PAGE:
The ‘Cajun Navy’ Is Helping Victims of Louisiana’s Flooding

Rob Gaudet is an engineer by trade, but ever since flooding started in Louisiana last month, he’s been in an office, coordinating efforts by the newly coined, citizen-led Cajun Navy.

Gaudet didn’t start the Cajun Navy; he found the organic and thriving group already operating on Facebook. At first he wanted to go into the field to help rescue people. But he soon saw he could bring his organizational skills to further the mission in a bigger way.

And what is the mission of this peculiarly named group? Composed of volunteers, the Cajun Navy formed to rescue people stranded in their homes after deluges saturated southern Louisiana over seven days in August. Group members refused to wait for FEMA, got their own boats and began coordinating with local officials to launch rescue missions. The Cajun Navy has helped hundreds.

The Cajun Navy operates by leveraging technology to its advantage. People requested help on their Facebook pages and, working alongside law enforcement, the group used applications like Zello, a walkie-talkie app, to find them. Meanwhile, a woman in Illinois acted as dispatcher.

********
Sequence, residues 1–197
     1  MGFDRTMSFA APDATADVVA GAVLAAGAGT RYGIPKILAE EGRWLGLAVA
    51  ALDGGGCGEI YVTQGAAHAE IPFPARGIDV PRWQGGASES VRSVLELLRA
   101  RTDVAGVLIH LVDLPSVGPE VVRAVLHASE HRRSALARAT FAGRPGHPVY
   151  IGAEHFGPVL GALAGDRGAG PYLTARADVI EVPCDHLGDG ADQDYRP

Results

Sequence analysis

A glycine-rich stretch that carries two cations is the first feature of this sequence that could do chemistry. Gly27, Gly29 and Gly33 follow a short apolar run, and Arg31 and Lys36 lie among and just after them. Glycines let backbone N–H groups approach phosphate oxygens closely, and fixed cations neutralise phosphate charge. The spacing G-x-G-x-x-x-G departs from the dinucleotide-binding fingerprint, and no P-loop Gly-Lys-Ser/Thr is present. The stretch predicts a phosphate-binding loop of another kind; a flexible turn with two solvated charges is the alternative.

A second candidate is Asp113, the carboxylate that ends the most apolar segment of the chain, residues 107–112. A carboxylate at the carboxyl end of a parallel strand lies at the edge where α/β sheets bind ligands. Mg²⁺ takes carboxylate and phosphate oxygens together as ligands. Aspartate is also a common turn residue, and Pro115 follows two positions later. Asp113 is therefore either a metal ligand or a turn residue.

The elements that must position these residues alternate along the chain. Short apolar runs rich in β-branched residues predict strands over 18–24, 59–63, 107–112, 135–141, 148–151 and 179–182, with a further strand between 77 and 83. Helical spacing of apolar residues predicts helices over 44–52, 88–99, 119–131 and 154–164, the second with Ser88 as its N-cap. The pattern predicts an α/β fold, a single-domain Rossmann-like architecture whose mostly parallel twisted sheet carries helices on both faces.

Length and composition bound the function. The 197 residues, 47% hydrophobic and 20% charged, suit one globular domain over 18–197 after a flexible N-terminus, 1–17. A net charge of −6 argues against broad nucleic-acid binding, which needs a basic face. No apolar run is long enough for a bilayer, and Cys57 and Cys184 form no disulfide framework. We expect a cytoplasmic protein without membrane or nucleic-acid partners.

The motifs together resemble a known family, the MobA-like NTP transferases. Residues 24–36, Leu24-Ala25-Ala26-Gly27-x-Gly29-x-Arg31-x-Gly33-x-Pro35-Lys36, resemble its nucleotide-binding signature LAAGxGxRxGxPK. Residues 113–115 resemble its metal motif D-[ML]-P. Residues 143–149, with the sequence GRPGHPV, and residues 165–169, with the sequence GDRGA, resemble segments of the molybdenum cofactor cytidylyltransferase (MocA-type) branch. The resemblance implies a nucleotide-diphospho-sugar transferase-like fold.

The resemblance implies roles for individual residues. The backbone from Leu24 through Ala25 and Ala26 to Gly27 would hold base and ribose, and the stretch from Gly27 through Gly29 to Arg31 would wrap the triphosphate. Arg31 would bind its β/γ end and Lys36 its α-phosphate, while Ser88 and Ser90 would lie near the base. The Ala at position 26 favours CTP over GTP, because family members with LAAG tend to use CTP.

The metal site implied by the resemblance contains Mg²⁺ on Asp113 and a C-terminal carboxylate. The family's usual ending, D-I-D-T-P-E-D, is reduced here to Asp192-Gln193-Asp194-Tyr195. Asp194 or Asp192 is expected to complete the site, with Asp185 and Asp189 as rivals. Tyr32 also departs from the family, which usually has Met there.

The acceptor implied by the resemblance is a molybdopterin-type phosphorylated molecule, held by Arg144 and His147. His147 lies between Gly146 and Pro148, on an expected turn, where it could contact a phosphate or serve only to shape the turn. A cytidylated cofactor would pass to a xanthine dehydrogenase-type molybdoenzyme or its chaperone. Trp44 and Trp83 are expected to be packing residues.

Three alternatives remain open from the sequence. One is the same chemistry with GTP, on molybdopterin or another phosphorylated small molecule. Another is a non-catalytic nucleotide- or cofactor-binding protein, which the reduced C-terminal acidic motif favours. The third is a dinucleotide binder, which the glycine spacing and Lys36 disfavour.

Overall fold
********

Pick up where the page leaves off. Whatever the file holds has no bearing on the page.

Gaudet believes the flooding wasn’t receiving sufficient media attention, so the Cajun Navy launched a campaign to change that.

“We weren’t waiting for the media to tell our stories, we told them ourselves,” Gaudet told Everyday Heroes.

Thanks to that strategy, the narrative has changed.

“We’re getting more media attention now than [during the flooding],” he said, “and it’s thanks to the Cajun Navy.”

And just because the flood waters have receded doesn’t mean the need isn’t vast. Now the biggest threat to the area is mold setting in on the homes. The Cajun Navy is trying to build a volunteer army to help clean up.

“This is a big deal — 120,000 homes were destroyed. It’s staggering,” Gaudet said. “To fix that, we need an enormous volunteer effort.

It’s more than the homes that are at stake; it’s peoples’ memories, too. The family keepsakes, the memorabilia, the heirlooms. All are at risk of being lost to the mold.

“We basically have 60 days to save memories,” Gaudet said, “and we need as many volunteers as we can get.”

Are you in the region or able to help the Cajun Navy? They need you. Go to to let them know you’re here.

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